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Motion, Midges and the Magician of the North
By Danny Crossley
Review of "Water and wind: Can renewables deliver?", a panel debate held at Cragside, 19th June 2013

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Could any place or time of year have been more befitting for a debate on renewable energy than the fairy castle of the magician and scientist, Lord Armstrong at Cragside? It was a marriage of art and science. Two days from the summer solstice, one could not wish for more beautiful scenery. Lakes in forests ordered by the hand of man delivered energy to light up the whole estate, electricity through water.

The aqueous solutions that we were pondering had been developed 150 years earlier when coal was plentiful at the height of the industrial revolution. The genius whose influence irrigated the North East had foreseen it all.

We were re-enacting the same debate in the magician's palace 113 years after his death at the age of ninety. One couldn't help but be impressed by the stuffed birds, the collections of shells in curved glass cases, the ornate brass light fittings now lit by energy-saving L.E.D.s and the regal furniture, paintings and Persian carpets, for he had entertained royalty here.

The cameras I helped to set up seemed an anachronistic affront to their grandiloquence. I was there interviewing as part of the film crew of The Great Debate. However, as I gazed in admiration at the noble straight nose and high forehead of the white marble bust, I recalled that here was living science sustained by its high priests and magicians in the present temple assembled.

Chaired by Dr. Caspar Hewett — himself an engineer and Director of The Great Debate —the panel consisted of three experts in renewable energy, with an introductory talk by Andrew Sawyer, a.k.a. The Soul of Cragside. He was once Parks' Foreman at Saltwell Park, which I live near to, so that became a subject of common interest.

He took us through the history of our setting, animating the era with the enchantment of a magical story being told to wide-eyed children. Complexity became simplicity. Darkness became light. He took us inside Armstrong's house and mind, depicting him as a solicitor sitting by a water wheel and noting the water wastefully splashing around the sides of the open paddles until he came up with the idea of enclosing it. Thus was born Armstrong the engineer and the Rotary Hydraulic engine. Function and beauty was how Andrew summed it up.

Disbelieving anything could be perfect, I asked him if there had been any problems. The pipes were of cast iron, there was water flowing through them: did they not rust? Andrew assured us that the one in the photograph he had shown us was still intact after 150 years. Were there no occasions where electricity met its old enemy: the water that generated it flowing in the same ducts, or no fires? None was recorded, he said, even quoting from contemporary logs. Surely this was the greatest testimony to the standard of engineering rather than the practice so prevalent today of covering up mistakes and accidents, or pretending they didn't happen, or saying that lessons must be learned but never are?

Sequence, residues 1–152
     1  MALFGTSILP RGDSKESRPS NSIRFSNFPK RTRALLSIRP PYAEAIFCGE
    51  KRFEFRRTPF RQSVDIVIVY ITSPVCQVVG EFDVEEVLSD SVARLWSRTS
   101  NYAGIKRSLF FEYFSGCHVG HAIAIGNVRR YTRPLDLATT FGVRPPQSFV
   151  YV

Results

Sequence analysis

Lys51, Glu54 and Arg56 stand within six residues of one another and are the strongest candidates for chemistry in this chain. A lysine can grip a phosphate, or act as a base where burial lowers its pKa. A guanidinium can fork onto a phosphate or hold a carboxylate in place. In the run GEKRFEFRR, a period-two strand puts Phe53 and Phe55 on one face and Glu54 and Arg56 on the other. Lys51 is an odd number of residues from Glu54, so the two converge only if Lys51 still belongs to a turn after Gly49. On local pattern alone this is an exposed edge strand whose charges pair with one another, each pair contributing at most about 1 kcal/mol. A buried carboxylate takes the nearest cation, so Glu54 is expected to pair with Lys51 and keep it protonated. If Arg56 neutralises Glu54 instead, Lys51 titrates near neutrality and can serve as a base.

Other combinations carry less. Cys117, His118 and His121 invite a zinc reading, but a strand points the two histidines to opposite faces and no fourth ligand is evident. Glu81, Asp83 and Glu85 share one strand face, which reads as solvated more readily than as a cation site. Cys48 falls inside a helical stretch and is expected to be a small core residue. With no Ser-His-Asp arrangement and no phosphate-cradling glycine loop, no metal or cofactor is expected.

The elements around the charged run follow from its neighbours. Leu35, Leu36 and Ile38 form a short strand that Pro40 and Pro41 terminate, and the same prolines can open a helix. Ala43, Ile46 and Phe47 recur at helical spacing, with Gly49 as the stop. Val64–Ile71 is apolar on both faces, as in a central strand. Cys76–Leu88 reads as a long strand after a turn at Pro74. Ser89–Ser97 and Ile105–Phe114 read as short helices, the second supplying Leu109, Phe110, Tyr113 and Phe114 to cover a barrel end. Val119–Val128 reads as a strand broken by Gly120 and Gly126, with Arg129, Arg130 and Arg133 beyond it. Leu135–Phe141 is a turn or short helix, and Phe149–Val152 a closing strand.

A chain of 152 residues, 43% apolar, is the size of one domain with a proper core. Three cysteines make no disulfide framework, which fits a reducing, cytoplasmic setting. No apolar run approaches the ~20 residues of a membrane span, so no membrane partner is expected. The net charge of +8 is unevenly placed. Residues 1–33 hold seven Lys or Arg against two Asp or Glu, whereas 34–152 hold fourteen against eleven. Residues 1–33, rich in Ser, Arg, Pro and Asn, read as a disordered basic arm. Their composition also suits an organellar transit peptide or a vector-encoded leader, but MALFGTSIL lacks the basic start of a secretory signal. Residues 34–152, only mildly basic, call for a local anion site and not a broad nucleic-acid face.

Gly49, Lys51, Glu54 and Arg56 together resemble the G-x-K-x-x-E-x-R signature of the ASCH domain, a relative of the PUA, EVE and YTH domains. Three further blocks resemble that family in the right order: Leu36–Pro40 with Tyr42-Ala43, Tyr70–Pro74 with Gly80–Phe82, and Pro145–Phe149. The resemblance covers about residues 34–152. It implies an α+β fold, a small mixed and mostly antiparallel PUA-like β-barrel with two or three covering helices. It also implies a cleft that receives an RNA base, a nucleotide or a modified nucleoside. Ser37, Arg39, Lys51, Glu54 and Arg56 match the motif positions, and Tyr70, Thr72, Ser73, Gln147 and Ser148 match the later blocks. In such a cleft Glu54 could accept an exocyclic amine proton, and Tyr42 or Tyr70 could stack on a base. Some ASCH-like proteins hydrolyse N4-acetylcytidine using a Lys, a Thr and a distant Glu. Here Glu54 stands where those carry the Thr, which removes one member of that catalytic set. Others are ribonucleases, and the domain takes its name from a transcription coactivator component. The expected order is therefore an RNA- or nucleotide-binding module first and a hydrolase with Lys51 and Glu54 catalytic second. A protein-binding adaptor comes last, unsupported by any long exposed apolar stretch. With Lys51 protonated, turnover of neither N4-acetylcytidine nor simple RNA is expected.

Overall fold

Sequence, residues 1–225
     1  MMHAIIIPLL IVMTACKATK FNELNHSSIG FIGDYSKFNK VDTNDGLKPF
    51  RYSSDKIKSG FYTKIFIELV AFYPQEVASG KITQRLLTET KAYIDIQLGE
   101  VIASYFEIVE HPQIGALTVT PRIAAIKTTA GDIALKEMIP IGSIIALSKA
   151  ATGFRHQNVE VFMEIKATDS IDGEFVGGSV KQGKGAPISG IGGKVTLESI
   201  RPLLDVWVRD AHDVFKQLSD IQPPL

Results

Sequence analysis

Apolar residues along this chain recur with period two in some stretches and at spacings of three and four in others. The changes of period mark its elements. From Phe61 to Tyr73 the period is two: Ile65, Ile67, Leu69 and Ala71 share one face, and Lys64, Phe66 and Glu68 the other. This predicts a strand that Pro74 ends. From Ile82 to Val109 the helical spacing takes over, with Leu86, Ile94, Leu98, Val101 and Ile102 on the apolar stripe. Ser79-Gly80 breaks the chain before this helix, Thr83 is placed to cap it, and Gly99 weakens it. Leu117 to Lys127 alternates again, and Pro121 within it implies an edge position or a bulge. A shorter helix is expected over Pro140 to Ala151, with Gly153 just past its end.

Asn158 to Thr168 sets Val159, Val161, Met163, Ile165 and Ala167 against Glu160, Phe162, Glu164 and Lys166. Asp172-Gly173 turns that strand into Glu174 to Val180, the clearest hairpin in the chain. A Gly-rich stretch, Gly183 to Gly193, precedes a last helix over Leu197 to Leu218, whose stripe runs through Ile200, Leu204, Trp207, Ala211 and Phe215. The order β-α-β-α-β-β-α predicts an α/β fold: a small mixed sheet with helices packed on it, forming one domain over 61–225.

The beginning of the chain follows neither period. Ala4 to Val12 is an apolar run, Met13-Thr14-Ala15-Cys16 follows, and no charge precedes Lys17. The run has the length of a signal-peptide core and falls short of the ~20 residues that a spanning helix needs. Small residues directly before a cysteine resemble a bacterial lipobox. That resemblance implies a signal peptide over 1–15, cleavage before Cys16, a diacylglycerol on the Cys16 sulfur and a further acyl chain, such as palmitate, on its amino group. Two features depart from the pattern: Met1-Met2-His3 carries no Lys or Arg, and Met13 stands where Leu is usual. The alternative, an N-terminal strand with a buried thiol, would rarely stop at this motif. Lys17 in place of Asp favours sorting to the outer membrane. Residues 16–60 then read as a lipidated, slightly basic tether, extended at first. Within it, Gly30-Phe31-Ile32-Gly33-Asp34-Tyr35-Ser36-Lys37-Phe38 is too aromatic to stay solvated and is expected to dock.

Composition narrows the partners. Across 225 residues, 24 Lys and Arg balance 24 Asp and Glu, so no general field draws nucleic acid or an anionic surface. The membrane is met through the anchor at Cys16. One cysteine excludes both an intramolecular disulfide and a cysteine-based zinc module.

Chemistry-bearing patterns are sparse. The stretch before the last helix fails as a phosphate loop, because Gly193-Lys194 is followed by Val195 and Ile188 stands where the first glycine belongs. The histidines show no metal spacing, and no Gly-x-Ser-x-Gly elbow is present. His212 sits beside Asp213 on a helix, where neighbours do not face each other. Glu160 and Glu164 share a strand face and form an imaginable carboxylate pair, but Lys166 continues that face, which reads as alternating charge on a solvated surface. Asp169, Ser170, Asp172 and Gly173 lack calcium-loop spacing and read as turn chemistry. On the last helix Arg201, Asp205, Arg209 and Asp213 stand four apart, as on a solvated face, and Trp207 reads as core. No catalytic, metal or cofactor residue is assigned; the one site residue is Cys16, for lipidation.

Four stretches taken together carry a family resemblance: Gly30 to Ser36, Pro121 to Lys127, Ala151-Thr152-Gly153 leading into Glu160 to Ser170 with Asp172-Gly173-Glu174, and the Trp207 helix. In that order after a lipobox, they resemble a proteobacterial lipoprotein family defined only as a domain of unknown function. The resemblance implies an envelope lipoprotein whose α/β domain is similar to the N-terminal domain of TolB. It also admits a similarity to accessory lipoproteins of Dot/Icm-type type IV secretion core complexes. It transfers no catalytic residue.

The first speaker was a Teaching Fellow in the School of Architecture, Planning and Landscape at Newcastle University with the delightful name of Cat Button. She explained micro-hydro projects to us clearly and knowledgeably. Micro-hydro projects use small dams and can deliver power generated by water wheels almost anywhere where there is a river and energy is needed. Cat chose one on the River Wear as an illustration. Such schemes would be ideal for small rural communities, providing they have a river, I thought. I was intrigued by the possibilities this opens up.

In contrast, the scale of the projects in the next speaker's portfolio was huge. Jonathan Hughes is Senior Engineer responsible for Reliability and Validation at the National Renewable Energy Centre (NaREC) in Blyth. He spoke clearly and eloquently on his subject, necessarily leaving out a lot of detail due to time constraints, which was a shame because I enjoyed listening to him. He produced a bar chart showing variations in energy usage by source throughout the year. He briefly described a few projects, such as the 3MW Drive Train, the testing of large-scale turbines, Project Oyster, the Snapper, which was a kind of buffer to smooth out the energy generated by waves, the Severn Tidal Fence and the Pelton Wheel —all in eight minutes!